At Guaymas I was sent to what was then considered to be the best school in Sonora, a private school conducted by Prof. Leocadio Salcedo, a native of Peru who had been in Sonora for several years educating many young sons and daughters of the leading families of Sonora and Sinaloa. I was 7 years old then. Prof. Salcedo was a friend of my father and made me feel at home. Here I started to take English. The method was Carrenos Ollendorf. Jose M. Maytorena who was Governor of Sonora during Madero's administration was my schoolmate and chum. His home was a few doors from ours in the same block. In the garden they had a fence made of steel rods about 5/16" and about the right length to make a sword by looping one end for a handle. We stole a good many rods from the Maytorena garden fence to arm boys of our party. We had a boys' revolution. Our gang was Pesquerista and the opposing gang Sernista. I remember being captured one night and placed in "cepo de campana." This was tying one on a pole across and under the knees and elbows so it was impossible to move.

Another time a vicious dog was turned on us and I happened to be the victim. The dog was a large black one and he threw me on my face and chewed my back before they could drive him off.

General Pesqueira had left his younger brother Pepe as acting governor against the wishes of many of his friends. Pepe Pesqueira was known to be incompetent for the place. He sent a troop of mounted Red Shirts under a captain with a letter to my father asking him to arrest 18 or 20 of the leading citizens of Guaymas including Prof. Salcedo and several personal friends of my father, claiming that they were Serna sympathizers. My father refused to comply with the request and sent a reply to Pepe Pesqueira stating that since he had not sent him an official order for this arrest but only a private letter requesting that it should appear as a voluntary act on the part of the Prefect of the District (my father), he was not duty bound and furthermore considered the idea preposterous and extremely unfair and dangerous for the Pesqueira party. He also sent his resignation. A few weeks later the same captain came back with 20 mounted soldiers and an order for my father to turn over his office to Don Plutarco Elias. Don Plutarco Elias was the father of the present Mexican ex-president Plutarco Elias Calles. Don Plutarco became prefecto of Guaymas on my father's resignation. He immediately ordered the arrest of 18 or 20 of Guaymas's leading citizens. They were confined in the rooms of the Prefectura adjoining our home. In the meantime my father had accepted the management of the copper mine "La Ley" owned by Mueller & Co and sailed for Sta. Rosalia, Lower California. The ladies of Guaymas appealed to Col. Rangel who was commanding the 15th Battalion of Federals at Guaymas. Col. Rangel decided it was time for the Federal Army to take charge, and with a troop of Federal soldiers formed in front of the prefectura, he demanded the surrender of the prisoners to his care. Don Plutarco could do nothing else but comply, and the men were saved. This incident, when reported to the President of Mexico, caused him to declare the State of Sonora under federal control, and sent General Mariscal to take charge of the situation. This ended the Serna-Pesqueira revolution in Sonora. Mariscal remained in charge until Porfirio Diaz was made President.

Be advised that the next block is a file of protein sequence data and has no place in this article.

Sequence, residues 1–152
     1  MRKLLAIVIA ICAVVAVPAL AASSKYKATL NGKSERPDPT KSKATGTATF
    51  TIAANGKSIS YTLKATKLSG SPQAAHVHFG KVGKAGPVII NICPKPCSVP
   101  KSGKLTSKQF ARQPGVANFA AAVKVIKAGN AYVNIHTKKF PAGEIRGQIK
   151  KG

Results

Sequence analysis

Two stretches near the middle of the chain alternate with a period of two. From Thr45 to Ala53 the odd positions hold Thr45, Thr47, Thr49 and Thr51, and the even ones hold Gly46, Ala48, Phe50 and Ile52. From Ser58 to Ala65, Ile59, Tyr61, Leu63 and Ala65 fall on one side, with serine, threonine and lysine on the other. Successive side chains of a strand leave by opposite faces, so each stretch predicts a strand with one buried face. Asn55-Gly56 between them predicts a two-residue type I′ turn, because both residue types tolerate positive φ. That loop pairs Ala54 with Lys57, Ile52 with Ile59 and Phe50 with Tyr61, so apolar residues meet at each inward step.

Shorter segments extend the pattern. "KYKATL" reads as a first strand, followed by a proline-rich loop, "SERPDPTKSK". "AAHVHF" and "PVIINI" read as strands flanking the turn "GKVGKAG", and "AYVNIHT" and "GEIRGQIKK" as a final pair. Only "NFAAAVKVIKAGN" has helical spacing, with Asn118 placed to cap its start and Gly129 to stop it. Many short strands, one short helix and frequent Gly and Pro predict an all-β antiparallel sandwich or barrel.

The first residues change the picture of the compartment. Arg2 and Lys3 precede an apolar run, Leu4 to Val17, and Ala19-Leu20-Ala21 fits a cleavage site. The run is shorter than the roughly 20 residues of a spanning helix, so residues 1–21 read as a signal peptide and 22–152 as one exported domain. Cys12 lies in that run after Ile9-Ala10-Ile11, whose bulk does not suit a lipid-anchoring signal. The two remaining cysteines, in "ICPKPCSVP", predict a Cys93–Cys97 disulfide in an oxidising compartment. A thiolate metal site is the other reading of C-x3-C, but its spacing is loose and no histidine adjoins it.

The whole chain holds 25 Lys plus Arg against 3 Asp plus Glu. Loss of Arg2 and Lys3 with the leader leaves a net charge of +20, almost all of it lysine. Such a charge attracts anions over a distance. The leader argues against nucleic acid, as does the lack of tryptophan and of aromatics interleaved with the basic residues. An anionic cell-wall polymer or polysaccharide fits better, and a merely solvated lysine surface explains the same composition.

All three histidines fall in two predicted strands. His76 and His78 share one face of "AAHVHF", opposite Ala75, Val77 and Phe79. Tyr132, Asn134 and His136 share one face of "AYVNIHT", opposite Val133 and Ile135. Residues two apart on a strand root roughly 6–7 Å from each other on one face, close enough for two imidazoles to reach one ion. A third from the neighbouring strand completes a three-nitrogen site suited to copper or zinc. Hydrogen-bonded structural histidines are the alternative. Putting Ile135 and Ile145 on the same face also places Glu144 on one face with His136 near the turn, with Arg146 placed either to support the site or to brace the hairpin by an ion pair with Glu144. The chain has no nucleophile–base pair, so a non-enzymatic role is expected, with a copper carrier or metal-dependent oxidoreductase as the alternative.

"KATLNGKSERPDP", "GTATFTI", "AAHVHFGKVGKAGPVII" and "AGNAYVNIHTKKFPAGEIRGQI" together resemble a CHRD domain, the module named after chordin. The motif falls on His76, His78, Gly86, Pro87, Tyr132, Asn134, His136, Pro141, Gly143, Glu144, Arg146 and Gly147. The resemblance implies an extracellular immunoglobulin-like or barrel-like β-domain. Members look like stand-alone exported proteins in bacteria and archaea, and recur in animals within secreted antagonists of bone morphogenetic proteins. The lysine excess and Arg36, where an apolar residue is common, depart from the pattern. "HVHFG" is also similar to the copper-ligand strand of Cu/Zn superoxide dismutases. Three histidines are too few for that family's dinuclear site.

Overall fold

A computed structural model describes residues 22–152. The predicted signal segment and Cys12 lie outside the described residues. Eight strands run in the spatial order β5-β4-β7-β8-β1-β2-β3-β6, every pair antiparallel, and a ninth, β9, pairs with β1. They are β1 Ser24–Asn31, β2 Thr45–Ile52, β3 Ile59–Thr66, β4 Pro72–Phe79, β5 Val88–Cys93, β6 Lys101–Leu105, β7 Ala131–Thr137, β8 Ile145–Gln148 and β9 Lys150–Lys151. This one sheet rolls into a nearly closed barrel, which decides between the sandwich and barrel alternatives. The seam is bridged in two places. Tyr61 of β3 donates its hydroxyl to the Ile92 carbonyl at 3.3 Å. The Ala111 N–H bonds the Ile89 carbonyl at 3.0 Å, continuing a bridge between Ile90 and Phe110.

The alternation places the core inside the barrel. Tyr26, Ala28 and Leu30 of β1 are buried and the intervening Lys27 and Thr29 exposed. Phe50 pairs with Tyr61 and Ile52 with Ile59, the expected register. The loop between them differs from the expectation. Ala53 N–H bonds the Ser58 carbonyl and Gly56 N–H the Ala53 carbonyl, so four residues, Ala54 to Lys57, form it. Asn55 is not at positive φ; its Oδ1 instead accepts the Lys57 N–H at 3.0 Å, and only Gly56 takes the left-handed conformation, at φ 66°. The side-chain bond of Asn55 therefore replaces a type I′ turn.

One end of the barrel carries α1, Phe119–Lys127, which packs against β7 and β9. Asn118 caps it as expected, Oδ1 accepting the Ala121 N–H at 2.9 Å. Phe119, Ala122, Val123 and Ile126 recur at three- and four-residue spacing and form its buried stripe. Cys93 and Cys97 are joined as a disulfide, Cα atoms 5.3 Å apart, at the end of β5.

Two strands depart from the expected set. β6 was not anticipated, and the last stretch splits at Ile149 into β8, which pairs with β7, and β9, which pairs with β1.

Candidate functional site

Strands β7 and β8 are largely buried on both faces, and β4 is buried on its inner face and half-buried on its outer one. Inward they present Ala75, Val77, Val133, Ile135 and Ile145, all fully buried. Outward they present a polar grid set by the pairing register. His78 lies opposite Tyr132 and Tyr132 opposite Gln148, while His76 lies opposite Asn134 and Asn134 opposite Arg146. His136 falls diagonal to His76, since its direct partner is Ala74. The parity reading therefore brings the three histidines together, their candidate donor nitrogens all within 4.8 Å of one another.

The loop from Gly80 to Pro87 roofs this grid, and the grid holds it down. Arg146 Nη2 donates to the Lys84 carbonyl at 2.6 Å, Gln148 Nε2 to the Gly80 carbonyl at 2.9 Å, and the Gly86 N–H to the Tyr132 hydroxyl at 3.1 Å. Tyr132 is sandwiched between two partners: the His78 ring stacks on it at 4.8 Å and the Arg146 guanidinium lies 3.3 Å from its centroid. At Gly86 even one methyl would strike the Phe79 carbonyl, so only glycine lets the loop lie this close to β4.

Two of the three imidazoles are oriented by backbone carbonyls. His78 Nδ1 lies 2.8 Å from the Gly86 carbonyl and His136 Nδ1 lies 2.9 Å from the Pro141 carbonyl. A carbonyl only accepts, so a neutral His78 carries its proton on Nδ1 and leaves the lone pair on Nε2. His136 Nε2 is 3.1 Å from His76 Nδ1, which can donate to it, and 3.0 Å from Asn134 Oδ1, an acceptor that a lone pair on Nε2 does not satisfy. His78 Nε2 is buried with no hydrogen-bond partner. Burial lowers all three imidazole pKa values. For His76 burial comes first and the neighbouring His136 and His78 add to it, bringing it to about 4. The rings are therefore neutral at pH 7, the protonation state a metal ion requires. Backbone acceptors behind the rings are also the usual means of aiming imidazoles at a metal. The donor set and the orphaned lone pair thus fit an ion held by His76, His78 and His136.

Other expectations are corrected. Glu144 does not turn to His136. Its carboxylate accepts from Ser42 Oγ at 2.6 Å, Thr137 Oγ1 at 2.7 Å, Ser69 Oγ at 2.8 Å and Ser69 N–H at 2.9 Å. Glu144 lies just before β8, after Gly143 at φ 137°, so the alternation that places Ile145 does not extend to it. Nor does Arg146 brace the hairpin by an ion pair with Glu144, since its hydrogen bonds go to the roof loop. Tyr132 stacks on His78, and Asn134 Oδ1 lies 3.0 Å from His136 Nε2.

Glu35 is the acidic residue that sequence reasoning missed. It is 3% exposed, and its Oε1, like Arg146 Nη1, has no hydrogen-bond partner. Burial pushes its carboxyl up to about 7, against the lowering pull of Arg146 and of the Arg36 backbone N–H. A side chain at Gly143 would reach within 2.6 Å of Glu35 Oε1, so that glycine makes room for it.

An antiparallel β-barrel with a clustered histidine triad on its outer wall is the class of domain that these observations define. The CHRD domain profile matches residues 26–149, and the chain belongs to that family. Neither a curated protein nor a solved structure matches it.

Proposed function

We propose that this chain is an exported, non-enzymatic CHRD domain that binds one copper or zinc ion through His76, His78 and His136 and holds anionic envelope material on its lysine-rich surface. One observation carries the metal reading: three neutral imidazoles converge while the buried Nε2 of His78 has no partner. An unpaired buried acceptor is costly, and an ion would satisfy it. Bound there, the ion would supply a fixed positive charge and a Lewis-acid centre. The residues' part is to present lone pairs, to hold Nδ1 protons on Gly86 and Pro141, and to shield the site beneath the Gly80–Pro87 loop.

Soon after my father arrived at Lower California he arranged for us to sail from Guaymas. We took passage in a two-masted Mexican schooner named the Rambler. For 24 hours we had a dead calm and could see the lights of Guaymas from just outside of the bay. The third day in the evening a hard noroeste (northwesterly storm) came. There were no cabins on this boat. We were all on deck and the captain tied some heavy canvas over us to guard us against heavy seas washing over the deck.

Next morning we were anchored at Mulege across the Gulf. From there to Sta. Rosalia was a short sail along the Lower California coast. My father was there waiting for us. We had a meal of dates and goat's milk at the Company's warehouse, the only building there.

My mother & the two children, Dick & Emily, remained here while my father rode his saddle mule to the mine 10 miles away to get mules for us all. He took me along riding behind him and tied to his waist with a scarf. The country here is mountainous and the only roads were mule trails. We passed two or three mines, the Cerro Verde, the Purgatorio and the Limbo which later was acquired by my father. Before getting to "La Ley" mine we had to go through a very narrow passage in the mountains called La Angostura. The sides were almost perpendicular of smooth gray granite and the box not over six feet wide in places. La Ley had only one building made of rough lumber. This contained the Company's store and my father's office and assay room. The warehouses were tunnels blasted on the side of the mountain. The mess room was also in a tunnel and the houses of the miners were all of stones, piled up, and brush. Some had thatched roofs made of tule, brought from Santa Agueda, a village 9 miles away. The water had to be brought in 10 gal kegs from a well 6 miles toward the sea on mules & burros. They had a regular chinchorro (a herd of 20 or 30 pack mules and burros with leather aparejos (pack saddles)) making a daily trip for water. The ore was all handled by hand, with wheel barrows running in and out of tunnels by men, like an army of human ants. The water was brackish & with a taste of copper, difficult to drink. My mother had to boil it and filter it through ollas.

Acknowledgements | Foreword | Maps | Introduction |
Part 1 | Part 2 | Part 3 | Part 4 | Part 5 | Part 6 | Part 7 | Part 8 |